How ESG is driving the development of enterprise software today

Christian Pedersen Chief Product Officer at IFS, spoke to Business Leader about how ESG is now being placed as one of the determining factor in access to capital in the decisions made by consumers.

In 1970, economist Milton Friedman published a famous article in The New York Times, entitled “A Friedman Doctrine: The Social Responsibility of Business is to Increase its Profits”. It was a model that underpinned the business world for the best part of 50 years. Now, however, its power is fading as businesses increasingly decide to embrace other forms of social responsibility, most notably those enshrined with fast-emerging environmental, social and governance (ESG) models.

The reality is companies that have embraced ESG models are simply providing what many of their customers, investors, shareholders and employees now want. Issues like climate change and social injustice are at the forefront of many people’s minds. As a result, buying from, investing in or working for socially-conscious companies ties in with their personal values more closely.

In fact, a recent report from Natixis Investment Managers found 83% of millennials, 82% of Gen X, 80% of Boomers and 74% of the Silent Generation said they wanted their investments to match their values. Lenders also offer more favourable interest rates on business loans based on ESG scores. The Bank of England and the European Central Bank have started to stress-test their positions not just against climate-related financial risks in addition to traditional financial risk. The study from Natixis Investment Managers mentioned above found asset managers launched 196 new ESG investment funds in 2020 — a record.

This type of investing — as well as similarly named strategies — has exploded in recent years. In 2020, roughly $51.1 billion flowed into funds that employ environmental, social and governance principles, more than double the $21 billion in 2019, according to Morningstar.

So, with the influence of ESG growing, it is becoming increasingly important that ESG measures  make their way into auditable systems of record like enterprise resource planning (ERP) software.

How Enterprise Software can be used for ESG

Executive teams today are likely to find business applications are evolving quickly to satisfy ESG-related demands. They should look for particular types of capabilities to make certain they’re prepared to measure and manage not just by financial value, but environmental and social impact.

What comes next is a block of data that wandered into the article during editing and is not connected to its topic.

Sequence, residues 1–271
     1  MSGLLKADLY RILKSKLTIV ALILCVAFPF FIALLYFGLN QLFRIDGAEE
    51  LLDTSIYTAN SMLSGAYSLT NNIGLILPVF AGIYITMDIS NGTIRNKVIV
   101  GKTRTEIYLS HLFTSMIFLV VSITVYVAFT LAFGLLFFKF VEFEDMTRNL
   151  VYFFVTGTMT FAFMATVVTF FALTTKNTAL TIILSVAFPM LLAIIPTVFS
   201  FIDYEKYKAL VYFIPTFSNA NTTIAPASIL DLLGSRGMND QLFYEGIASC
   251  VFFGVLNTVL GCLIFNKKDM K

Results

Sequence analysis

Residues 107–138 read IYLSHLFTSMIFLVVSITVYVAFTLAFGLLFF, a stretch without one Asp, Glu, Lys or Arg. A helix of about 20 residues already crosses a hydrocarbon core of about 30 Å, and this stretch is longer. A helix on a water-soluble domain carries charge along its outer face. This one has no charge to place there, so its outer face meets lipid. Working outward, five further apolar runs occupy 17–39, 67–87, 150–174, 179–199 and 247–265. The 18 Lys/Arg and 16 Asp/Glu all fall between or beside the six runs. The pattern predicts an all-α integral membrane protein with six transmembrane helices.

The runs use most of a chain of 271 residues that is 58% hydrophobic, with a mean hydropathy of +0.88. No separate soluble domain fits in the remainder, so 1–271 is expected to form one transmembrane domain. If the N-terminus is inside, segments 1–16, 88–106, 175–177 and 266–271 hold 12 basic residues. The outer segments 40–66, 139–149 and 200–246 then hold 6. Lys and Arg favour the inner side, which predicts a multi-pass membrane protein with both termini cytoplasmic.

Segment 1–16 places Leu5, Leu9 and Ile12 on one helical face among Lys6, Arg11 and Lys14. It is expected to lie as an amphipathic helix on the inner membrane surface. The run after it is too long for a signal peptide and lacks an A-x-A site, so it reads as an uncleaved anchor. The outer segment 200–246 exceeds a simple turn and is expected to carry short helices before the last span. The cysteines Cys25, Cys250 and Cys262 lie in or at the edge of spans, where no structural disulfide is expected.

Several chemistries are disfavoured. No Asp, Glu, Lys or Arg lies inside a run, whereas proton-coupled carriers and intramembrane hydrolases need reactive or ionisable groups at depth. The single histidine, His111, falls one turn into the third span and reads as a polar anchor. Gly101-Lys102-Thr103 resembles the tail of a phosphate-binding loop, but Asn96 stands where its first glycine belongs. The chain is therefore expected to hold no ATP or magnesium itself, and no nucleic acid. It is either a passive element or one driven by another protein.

Key considerations include:

  • Artificial intelligence. Managing cost, revenue and the environmental impacts of product, services or operations can rapidly become too fast-moving a scenario for the human mind. AI can help here, for example, by optimising the scheduling and routes of field service technicians to decrease the number of miles driven or reduce fuel consumption.
  • Circularity. Management of a circular product lifecycle to minimise waste should not only encompass data needed to manufacture a product, but also include a carefully-constructed plan for decisions and costs associated with reuse, recycling, remanufacturing, lifecycle extension or disposal.
  • Consider the whole business. Too often, a company will simply implement an ERP system’s financial module, but sustainability requirements mean they also need to consider the supply chain and HR modules to document sourcing and labour practices in an auditable environment.

This helps handle the S and G in ESG by capturing a company’s operations or suppliers’ labour practices, exposure to corruption, community development or human rights. Equally, it allows management teams to comply with modern slavery legislation and global frameworks like ISO 26000. Reaching ESG goals is an ongoing learning process, and, as noted by Workiva, there are typically two key challenges in ensuring high-quality data governance for ESG data:

  1. Navigating the range of ESG measurement methods, frameworks, guidance, protocols, rankings, indices and standards that are disconnected from the reporting process – This can be a steep learning curve, but regulatory authoritative reporting frameworks are available to help businesses report with greater accuracy and confidence.
  2. The fragmented ESG reporting data ecosystem – Workiva notes the challenge in trying to generate a single source of truth that can be linked to multiple disclosures and views in the ESG data ecosystem. Adopting composable software that comprises highly-integrated and interconnected modules is key in integrating disparate data sources.

Beyond ERP

To meet ESG goals, ERP software should be accompanied by sound organisational structure and processes. By communicating information clearly enterprise-wide employees are more likely to acquire the skills and knowledge required and have a single version of the truth to work from.

It is also worth considering peripheral technologies your business might adopt to supplement ERP and bring you closer to meeting ESG goals. Think about how you might link your ERP with other solutions or external data sources as part of a composable architecture. Enterprise software should share data and orchestrate processes seamlessly with operating equipment through third party emissions calculators the internet of things (IoT), and trading partners’ systems.

Looking ahead

It is regarded as completely normal to measure every pound and penny that contributes to financial performance. The same approach needs to be taken in measuring ESG performance. This may add new layers and complexity, and creates new requirements for ERP. But standards are fast emerging for measuring and managing non-financial performance metrics, and both customers and funders are demanding “show, don’t tell” data to create credibility.

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